The Corynebacteria are a diverse group of gram-positive, non-sporing rod-shaped organisms that include Corynebacterium diphtheriae. These organisms are usually referred to as diphtheroids or coryneforms. It is similar to Staphylococcus.
Three skin conditions appear to be related to an overabundance of these coryneforms. These conditions include pitted keratolysis, erythrasma and trichomycosis. 2 Micrococcus sedentarius is a gram-positive Staphylococcus-related bacteria that invades the softened stratum corneum. Dermatophilus congolensis is a gram-positive facultative anaerobic bacteria.
Pitted keratolysis occurs in adults and children, and is more common in adult males with sweaty feet. Sliminess of the skin and socks sticking to feet are common complaints. The condition is malodorous 89 percent of the time and pruritic 8 percent of the time. Hyperhidrosis is the most frequently observed symptom of this condition.
In regard to laboratory identification, the organisms are not easy to find in KOH mounts but gram-stained scrapings can more easily detect them. To confirm pitted keratolysis, one should use an aerobic swab and put the skin scrapings in the tube for an aerobic culture. The organisms appear as coccoid and filamentous forms with branches and septa. Periodic acid-Schiff (PAS) mounts may sometimes show the organism. 8
The infection appears as numerous superficial erosions of the horny layer of the soles and undersurface of the toes. Discrete shallow circular lesions with a punched out appearance coalesce to produce irregular erosions. Occasionally, there can be green or brown discoloration, depending on the species of the organism.
The most common sites for the onset of pitted keratolysis are the pressure-bearing areas, such as the ventral aspect of the toe, the ball of the foot and the heel. The next most common site is a friction area, the interface of the toes. It is rare to see these lesions on the non-pressure-bearing locations. 9
A false negative result may occur if the patient has recently washed his or her feet. For this reason, a late afternoon examination of the feet may be the most revealing. The appearance is more dramatic if the feet are wet. The predisposing factors are hyperhidrosis, prolonged occlusion and increased skin surface pH.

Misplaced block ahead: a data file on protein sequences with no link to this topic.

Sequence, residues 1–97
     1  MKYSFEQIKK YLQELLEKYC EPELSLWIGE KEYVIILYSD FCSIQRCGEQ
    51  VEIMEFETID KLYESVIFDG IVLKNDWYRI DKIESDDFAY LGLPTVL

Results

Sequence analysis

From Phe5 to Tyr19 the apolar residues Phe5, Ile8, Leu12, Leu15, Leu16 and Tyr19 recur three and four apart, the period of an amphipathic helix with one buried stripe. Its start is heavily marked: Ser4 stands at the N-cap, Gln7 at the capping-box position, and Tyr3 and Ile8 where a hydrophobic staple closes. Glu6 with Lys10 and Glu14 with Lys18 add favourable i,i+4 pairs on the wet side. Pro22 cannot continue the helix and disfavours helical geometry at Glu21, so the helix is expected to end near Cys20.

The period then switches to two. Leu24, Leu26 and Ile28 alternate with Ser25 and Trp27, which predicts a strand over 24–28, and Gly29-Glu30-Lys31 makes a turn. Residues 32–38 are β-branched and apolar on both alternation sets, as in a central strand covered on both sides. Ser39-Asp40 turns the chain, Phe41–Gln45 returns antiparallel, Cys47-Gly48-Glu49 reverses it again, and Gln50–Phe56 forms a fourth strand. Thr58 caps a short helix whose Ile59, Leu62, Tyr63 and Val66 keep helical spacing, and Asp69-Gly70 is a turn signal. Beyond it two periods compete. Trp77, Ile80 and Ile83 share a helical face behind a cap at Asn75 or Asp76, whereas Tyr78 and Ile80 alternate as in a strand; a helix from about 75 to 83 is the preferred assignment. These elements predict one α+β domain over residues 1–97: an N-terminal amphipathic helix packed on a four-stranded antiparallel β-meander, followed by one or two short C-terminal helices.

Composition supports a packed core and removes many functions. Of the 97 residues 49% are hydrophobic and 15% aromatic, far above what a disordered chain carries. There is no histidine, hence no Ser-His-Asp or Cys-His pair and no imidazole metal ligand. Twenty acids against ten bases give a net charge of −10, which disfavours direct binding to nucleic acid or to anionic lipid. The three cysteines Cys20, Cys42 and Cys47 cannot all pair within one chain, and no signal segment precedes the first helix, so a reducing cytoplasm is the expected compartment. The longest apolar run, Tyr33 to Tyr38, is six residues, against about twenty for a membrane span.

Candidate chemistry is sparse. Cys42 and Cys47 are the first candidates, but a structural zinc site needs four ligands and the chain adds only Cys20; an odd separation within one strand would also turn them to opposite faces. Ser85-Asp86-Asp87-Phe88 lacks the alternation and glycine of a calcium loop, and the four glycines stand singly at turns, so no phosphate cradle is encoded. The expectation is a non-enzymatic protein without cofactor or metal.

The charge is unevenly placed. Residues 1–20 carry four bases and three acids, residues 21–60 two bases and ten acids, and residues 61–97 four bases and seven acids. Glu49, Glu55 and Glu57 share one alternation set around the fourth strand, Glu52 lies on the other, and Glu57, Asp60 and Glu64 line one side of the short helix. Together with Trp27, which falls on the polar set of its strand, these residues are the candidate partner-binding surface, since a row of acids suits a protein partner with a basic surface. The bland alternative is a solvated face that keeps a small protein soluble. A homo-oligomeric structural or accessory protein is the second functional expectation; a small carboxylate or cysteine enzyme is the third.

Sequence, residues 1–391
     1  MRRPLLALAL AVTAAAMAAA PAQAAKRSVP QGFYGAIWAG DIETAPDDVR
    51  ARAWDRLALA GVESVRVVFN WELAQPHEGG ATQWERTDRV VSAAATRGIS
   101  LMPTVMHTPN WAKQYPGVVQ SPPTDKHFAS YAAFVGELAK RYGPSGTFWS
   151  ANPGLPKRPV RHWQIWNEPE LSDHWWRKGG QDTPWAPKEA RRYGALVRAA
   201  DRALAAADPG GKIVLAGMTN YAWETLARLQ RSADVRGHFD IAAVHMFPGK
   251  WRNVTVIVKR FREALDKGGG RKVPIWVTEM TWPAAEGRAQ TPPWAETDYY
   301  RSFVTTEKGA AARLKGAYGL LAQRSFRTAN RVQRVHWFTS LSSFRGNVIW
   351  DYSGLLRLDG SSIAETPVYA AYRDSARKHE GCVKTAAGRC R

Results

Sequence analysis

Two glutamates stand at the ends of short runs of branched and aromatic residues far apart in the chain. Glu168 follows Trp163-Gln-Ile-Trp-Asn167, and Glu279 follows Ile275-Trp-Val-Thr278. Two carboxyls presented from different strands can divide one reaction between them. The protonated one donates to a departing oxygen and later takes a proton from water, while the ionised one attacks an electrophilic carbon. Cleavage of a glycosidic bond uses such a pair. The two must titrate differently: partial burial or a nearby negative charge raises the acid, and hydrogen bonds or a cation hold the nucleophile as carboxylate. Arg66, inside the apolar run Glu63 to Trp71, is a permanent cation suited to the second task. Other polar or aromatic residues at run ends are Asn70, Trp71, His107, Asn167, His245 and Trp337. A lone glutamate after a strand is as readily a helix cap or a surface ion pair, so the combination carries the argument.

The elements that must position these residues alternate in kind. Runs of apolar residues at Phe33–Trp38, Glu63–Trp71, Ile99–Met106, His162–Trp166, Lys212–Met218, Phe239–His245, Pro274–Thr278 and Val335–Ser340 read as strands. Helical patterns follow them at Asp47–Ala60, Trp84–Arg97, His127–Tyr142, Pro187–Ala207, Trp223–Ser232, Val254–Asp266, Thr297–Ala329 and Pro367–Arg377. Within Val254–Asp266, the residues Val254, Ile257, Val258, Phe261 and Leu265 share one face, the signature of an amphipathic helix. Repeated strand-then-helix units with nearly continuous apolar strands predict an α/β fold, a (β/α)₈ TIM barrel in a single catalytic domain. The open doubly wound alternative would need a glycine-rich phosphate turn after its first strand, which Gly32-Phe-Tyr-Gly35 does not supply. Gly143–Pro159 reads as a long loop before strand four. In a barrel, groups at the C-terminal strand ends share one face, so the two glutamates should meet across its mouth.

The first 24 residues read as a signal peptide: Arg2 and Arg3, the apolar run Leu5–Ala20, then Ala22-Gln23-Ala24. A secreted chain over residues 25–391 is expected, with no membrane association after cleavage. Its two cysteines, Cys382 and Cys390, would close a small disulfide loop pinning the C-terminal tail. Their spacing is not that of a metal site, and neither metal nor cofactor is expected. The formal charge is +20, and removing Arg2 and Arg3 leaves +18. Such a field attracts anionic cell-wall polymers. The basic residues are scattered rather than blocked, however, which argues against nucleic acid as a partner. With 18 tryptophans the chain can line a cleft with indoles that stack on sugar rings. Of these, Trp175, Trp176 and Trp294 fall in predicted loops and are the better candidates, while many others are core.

One normally finds small crater-like depressions on weightbearing regions of the soles. Either the forefoot or the heel can become infected. There is no evidence of erythema or inflammation, and the disease often goes unnoticed by the patient. 4 There is no fluorescence on examination with a Wood’s light. If one elects to do a biopsy, a shave biopsy is more helpful than a punch biopsy. Physicians rarely obtain biopsies for pitted keratolysis.
Hyperhidrosis is often associated with maceration and a foul odor. If you are unsure of the diagnosis, soak the foot in water for 15 minutes. This causes swelling of the horny layer and accentuates the lesions.
Conditions commonly included in the differential diagnosis are plantar warts and tinea pedis. Plantar warts typically have localized areas of hyperkeratosis and are often painful whereas athlete’s foot presents as pruritus between the toes and is not limited to pressure-bearing areas. 2 It is helpful to assess the condition of the nails. If there is onychomycosis present, tinea pedis is usually present as well.
Hyperhidrosis. Unlike pitted keratolysis, hyperhidrosis is not a temporary condition. It must commonly occurs in the hands, armpits and feet. In these cases the most likely explanation is a genetic trait. 10
The eccrine sweat glands are mainly concentrated in the palms of the hands and soles of the feet. These patients will sweat all of the time and occlusive footwear or wet environments are not a factor.
Erythrasma. This superficial localized chronic skin infection is caused by Corynebacterium minutissimum. It presents where there are moist occluded intertriginous areas and frequently presents as asymptomatic chronic maceration with fissuring or scaling.
Predisposing factors include: humid climate, poor hygiene, hyperhidrosis, obesity, diabetes, advanced age and an immunocompromised host. In some patients, this condition presents as a hyperkeratotic, white macerated plaque, especially in the fourth interspace. 1 There is no central clearing as one would see with tinea pedis.